celebrities all over the place. You see where I'm going with this?

CHARITY WOMAN
Please forgive us. We thought that

CHARITY MAN
since you donated in the past

CHARITY WOMAN
through Mr. Mayfield and since this is

CHARITY MAN
almost Christmas, we thought

E.S.
Well, you thought wrong. If you want to support all the children who
need it, make more money available in their own country with their own
relatives and if not let's go back to the poorhouses in England in the mid
nineteenth century, that worked fairly well if my sense of history is correct. Probably
decreased the surplus population.

CHARITY WOMAN
You can't be serious.

E.S.
I'm as serious as a heart attack. Now please leave my place of
business since I have no money to spare and please remove us from the list of your
non-profit company whatever the hell non-profit means, anyway. Good day.

(They turn and leave in a fright. E.S. locks the door again and makes
sure the sign says closed. He carefully walks across to a book cabinet and presses
a secret button. The book cabinet slides to one side revealing a small,
studio style kitchen. E.S. puts on an apron and a chic, chief's hat and begins preparing
a meal.)

E.S.
I'll tell you what Christmas is in reality. Less business, more
Christmas commercials and toy commercials but we represent real actors; not commercial
trash. This is a proud agency with a long standing name in the business and a heritage
of film stars. Christmas is not movie season its the season where you show a Christmas movie
if you have one.

(He sits at Bob's desk and drinks hot tea.)

E.S.
It's the season to be taken everywhere you look is the glitter
of hope and the glitz of a new beginning but not for us. I used to live in a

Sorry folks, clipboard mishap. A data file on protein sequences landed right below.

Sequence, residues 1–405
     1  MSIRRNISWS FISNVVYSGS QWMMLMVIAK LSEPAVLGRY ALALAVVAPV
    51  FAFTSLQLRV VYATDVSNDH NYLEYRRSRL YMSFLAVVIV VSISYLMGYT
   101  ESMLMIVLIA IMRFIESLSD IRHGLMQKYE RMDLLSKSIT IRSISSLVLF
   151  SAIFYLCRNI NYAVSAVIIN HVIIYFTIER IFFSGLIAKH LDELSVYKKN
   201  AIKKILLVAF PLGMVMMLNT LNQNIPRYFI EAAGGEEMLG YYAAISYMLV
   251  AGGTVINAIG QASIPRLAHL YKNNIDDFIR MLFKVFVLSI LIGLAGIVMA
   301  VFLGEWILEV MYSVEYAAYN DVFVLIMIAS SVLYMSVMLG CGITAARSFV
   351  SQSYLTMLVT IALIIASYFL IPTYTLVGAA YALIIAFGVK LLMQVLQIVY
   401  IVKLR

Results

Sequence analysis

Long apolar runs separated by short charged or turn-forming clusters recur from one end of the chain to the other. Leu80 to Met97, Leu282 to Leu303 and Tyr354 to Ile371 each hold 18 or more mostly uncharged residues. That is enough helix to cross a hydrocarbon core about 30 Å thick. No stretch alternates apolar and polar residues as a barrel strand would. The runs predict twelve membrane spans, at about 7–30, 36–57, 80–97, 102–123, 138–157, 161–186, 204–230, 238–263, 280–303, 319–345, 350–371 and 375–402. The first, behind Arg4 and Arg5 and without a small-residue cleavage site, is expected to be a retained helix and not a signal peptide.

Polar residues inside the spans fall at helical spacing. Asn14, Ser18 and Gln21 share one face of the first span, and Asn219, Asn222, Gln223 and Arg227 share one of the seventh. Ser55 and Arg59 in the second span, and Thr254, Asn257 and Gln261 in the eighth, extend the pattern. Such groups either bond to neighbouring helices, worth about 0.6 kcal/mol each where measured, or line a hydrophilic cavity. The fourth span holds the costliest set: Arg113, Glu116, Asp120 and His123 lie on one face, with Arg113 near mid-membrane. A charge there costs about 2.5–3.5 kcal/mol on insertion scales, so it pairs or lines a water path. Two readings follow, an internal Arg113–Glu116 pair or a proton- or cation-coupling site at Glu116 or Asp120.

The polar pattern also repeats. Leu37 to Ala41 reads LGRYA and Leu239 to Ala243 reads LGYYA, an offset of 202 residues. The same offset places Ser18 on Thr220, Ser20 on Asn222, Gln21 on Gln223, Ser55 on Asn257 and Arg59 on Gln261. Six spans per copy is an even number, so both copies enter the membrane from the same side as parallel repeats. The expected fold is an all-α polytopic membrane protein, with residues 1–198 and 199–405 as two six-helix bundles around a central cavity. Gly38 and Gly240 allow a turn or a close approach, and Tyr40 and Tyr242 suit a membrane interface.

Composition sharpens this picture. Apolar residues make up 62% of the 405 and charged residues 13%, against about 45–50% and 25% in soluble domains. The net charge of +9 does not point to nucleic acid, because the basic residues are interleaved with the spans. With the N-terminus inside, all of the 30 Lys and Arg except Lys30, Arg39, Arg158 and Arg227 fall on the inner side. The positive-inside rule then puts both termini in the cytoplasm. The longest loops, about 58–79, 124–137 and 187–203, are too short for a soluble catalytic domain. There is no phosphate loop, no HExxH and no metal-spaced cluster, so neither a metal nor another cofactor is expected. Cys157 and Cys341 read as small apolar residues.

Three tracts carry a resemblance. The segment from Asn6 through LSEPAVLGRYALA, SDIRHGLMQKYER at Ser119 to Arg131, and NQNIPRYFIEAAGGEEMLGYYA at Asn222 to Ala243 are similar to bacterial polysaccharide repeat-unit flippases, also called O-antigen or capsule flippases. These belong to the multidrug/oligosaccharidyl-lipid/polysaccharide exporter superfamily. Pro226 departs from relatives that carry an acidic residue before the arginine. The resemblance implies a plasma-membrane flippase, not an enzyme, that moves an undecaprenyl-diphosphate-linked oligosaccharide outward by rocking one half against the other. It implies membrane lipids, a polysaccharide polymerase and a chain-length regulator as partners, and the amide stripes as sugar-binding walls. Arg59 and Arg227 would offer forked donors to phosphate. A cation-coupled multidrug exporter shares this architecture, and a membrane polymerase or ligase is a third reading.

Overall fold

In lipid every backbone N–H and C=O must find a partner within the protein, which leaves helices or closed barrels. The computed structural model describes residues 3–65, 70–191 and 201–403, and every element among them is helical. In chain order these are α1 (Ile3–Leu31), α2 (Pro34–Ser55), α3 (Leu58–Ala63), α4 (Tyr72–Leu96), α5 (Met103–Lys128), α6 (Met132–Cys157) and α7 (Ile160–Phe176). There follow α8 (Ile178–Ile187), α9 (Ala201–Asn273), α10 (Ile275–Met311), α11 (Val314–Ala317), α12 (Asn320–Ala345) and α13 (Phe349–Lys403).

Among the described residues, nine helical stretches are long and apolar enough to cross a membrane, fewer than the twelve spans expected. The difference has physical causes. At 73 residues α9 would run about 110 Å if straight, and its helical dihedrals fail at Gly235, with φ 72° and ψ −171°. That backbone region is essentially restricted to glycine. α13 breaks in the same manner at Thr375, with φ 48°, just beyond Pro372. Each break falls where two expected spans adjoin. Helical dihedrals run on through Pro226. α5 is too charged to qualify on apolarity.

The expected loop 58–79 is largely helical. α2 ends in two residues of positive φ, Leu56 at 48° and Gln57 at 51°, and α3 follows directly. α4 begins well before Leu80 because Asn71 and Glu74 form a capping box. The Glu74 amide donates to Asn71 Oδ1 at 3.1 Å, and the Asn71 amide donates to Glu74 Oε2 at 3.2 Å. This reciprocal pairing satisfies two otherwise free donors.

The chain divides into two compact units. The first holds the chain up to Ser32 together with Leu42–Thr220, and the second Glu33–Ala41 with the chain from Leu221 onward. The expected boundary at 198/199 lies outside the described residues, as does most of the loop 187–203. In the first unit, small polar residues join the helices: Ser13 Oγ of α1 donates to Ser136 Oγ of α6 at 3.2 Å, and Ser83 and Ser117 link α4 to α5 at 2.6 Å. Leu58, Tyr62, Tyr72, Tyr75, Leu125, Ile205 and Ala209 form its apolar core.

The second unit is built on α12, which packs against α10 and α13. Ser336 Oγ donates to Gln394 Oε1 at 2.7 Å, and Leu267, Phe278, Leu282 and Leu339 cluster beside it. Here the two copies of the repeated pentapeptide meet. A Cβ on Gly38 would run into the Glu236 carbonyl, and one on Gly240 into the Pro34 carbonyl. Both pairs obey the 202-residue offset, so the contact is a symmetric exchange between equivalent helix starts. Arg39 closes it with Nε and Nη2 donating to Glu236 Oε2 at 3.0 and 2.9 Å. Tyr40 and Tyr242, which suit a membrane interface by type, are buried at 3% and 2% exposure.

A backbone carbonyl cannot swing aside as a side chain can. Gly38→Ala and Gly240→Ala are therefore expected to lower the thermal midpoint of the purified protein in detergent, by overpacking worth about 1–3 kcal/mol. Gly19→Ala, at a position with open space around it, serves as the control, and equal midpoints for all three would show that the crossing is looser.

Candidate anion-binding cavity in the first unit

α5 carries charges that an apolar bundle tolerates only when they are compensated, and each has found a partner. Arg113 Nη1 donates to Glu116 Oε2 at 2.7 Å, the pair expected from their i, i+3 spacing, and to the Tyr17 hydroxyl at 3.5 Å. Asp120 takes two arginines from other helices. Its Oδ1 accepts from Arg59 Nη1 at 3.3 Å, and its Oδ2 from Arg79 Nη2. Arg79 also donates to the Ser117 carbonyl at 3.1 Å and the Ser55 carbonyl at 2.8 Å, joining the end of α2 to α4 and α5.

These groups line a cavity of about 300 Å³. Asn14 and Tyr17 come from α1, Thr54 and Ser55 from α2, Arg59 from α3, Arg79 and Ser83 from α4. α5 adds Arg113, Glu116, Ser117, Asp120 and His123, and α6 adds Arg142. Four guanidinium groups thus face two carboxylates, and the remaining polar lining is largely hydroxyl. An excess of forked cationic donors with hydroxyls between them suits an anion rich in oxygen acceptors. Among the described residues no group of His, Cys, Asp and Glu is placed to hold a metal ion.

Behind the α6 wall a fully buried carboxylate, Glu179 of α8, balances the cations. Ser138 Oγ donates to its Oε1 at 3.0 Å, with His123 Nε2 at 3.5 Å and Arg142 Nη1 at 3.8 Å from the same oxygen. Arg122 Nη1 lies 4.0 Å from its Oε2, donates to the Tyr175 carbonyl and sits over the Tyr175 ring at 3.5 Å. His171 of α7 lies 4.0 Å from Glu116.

ten thousand dollar a month apartment in Beverly Hills, just around the corner
now I live here in my agency where I was once

(He walks to the large glass window facing the street and peers out.)

E.S.
My God, what is going on? It's freezing outside. Its - snowing in
Beverly Hills.

(The sound of a group of 'carolers' on the sidewalk makes Elgin
close the leveler blinds. He walks back to his kitchen and pulls a carton of
noodles out of the microwave and sits down. He unconsciously looks through a
stack of headshots while he eats.)

E.S.
More heat, more electricity, more bills less food. I'm a rich
man eating hot Ramon and tea for dinner. All for Christmas. All for naught.
Because money is so tight and people don't want to spend ten bucks to see a new
movie. You can lose the power of your name in Hollywood over night. No name,
no game.

(He suddenly stands up holding a head shot in terror. He screams and
throws the photograph to the ground and steps away from it.)

E.S.
That face moved. It can't be. He's never had a head shot.
He was an agent! And he's dead Marley is dead, I went to the funeral myself.
Cost a fortune. He died.

(Elgin gets down on his hands and knees and collects the head shot.
He places it on the table near the noodles. He looks down at it in fright as he
hears the SOUND of chains being drawn across his floor.)

E.S.
What, in the name of all that is Holy, is going on here?

(The head shot speaks to him from the table top.)

MARLEY
Elgin. Elgin Scroge. It's me, Marley Mayfield.

E.S.
What what are you doing here?

MARLEY
Elgin, turn on the flat screen.

(E.S. turns to a large flat screen mounted on the wall of the
reception area. He points a remote at the screen and it turns on revealing Marley Mayfield,
wrapped in a chain with tiny gold chests welded to the links.)

MARLEY
I never left Elgin. I'm forced to stay here where I forged this
chain around my neck with these chests of hope. Each one a failed actor's life that
we used up and then tossed back into the great sea of the unemployed.

E.S
But Marley, that is what agencies do. We're a grist mill for actors
who make us money.